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Gold/Silver Anxiety: How Will Powell React to Latest U.S. Jobs Report?

February 7, 2023

NEW YORK (Feb 7) The red dye was cast on the yellow metal almost immediately after the U.S. jobs numbers for January were out. 

The report of 517,000 jobs — in the place of an expected 185,000, and versus December’s 260,000 — had the subtlety of a pneumatic drill being driven into the collective conscience of gold bulls who, until then, had dreamt of $ 2,000 pricing from a timid employment picture and a Federal Reserve staying the course with smaller rate hikes.

The so-called non-farm payrolls instead wiped about $100 off gold in just 24 hours, taking futures on New York’s COMEX to a near one-month low of around $1,860 an ounce from a nine-month peak of almost $1,960 a day before the data, issued on Dec. 3. The good thing, of course, was that the Fed’s latest rate hike was already done by Feb. 1. 

Gold finished the first day of this week positively, but its greater challenge will come when Fed Chair Jerome Powell shares his thoughts about the January jobs report at a discussion later today on the economy. 

The central bank’s February rate hike pre-empted the non-farm payrolls report by a good 48 hours. All signs are that the Fed chair and his colleagues had no clue that a monstrous employment number was coming, especially after a moderation of 40,000 jobs in December. 

The Fed’s next decision on rates will only be on Mar. 16, well after the release of the February non-farm payrolls report on Mar. 3. Should there be another round of heady jobs growth this month, then the central bank’s policy-making FOMC, or Federal Open Market Committee, will almost certainly be rethinking the merits of continuing with February’s 25-basis point hike. A return to a more aggressive 50-basis point increase might most likely be in order,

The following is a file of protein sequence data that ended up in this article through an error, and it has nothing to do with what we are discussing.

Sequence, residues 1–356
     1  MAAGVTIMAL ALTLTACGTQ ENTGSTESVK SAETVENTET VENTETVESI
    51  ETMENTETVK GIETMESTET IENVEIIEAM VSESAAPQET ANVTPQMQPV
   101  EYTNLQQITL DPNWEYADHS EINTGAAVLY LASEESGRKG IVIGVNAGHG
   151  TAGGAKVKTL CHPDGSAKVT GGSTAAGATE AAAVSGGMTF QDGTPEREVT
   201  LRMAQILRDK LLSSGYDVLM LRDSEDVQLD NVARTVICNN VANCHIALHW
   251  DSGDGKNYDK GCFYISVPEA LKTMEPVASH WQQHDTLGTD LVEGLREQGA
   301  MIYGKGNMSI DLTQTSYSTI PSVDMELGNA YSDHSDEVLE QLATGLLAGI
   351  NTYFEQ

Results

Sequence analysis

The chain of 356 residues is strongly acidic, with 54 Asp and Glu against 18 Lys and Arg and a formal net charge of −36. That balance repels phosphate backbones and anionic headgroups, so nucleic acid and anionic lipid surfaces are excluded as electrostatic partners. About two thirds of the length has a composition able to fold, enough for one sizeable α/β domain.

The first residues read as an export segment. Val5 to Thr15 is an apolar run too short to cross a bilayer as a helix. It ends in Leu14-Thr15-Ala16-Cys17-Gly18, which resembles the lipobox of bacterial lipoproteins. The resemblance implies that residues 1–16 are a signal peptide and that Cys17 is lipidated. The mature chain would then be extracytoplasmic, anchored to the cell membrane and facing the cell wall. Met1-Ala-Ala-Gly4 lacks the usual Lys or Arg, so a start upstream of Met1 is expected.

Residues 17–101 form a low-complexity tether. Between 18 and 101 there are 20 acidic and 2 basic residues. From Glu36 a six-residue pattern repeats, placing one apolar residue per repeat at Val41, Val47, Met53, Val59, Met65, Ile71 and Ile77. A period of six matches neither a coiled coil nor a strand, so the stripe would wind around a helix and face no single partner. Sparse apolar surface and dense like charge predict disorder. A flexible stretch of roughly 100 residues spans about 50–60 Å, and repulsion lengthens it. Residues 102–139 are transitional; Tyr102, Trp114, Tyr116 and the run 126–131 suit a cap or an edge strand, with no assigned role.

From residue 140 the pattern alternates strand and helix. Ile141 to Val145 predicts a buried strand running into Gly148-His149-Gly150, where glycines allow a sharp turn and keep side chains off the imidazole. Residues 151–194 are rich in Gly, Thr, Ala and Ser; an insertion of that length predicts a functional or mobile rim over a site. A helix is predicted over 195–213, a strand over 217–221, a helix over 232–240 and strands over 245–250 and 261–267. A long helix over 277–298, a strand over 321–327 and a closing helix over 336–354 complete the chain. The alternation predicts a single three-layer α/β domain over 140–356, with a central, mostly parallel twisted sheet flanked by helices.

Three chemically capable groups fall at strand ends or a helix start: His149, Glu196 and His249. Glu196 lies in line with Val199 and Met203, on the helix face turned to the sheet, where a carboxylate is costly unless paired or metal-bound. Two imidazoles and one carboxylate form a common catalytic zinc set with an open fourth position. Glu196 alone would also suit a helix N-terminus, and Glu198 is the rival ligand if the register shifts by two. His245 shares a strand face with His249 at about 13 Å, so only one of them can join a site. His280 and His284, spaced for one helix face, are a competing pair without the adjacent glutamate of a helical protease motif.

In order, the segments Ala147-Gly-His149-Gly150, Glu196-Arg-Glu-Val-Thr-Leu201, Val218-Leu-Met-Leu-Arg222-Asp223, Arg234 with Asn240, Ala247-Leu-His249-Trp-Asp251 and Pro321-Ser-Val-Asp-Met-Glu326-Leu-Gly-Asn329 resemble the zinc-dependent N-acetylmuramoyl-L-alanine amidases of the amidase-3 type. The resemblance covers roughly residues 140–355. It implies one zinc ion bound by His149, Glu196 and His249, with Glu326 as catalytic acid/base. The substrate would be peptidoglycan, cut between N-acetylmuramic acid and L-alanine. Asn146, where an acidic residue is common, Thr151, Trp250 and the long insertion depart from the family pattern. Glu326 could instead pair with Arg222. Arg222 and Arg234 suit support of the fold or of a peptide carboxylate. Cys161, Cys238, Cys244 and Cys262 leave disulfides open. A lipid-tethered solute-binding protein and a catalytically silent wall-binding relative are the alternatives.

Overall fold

But that deliberation is still more than a month away. More immediate will be what Powell says at his 12:00 ET (17:00 GMT) appearance at the Economic Club of Washington DC and the impact that will have on markets across the board, including gold and silver. 

Bets are that the Fed chair will again express surprise over the unexpected resilience of the labor market despite the central bank’s hopes that job and wage growth would have cooled along with demand after a year of rate hikes. 

It appears that a return to 2%-per-year inflation — the December reading for the Consumer Price Index was 6.5% per annum — could be harder than thought, Powell could say.

In conclusion, he is expected to say that the Fed might have to raise rates to a “higher restrictive level” than previously thought and keep them there to sufficiently cool price growth.

But all these might already be baked into the cake, especially after Atlanta Fed President Raphael Bostic’s observation on Monday that the January jobs report had raised the possibility of the Fed bringing rates to a higher peak than previously forecast. Bostic, speaking at an interview with Bloomberg, reiterated that his base case remains for a peak rate of 5.1%, versus the present rate of 4.75%. 

Powell told reporters last week that he thought “a couple more” increases might bring rates to a restrictive level. If he had the same 25-basis point increase as the last time, that would suggest a peak rate of 5.25%. But his remarks came before the January jobs report. That, and what the Labor Department reports for February, might greatly alter the discussion on rates going forth.

Said Bernard Baumohl, chief global economist at The Economic Outlook Group:

“With the release of this extraordinary employment report, the danger is the Federal Reserve may feel pressure to become far more aggressive and ratchet up interest rates until it chokes off the demand for workers.” 

But such a stance also highlights “the flawed theory and models the Fed works with,” Baumohl said. “Instead,” he added: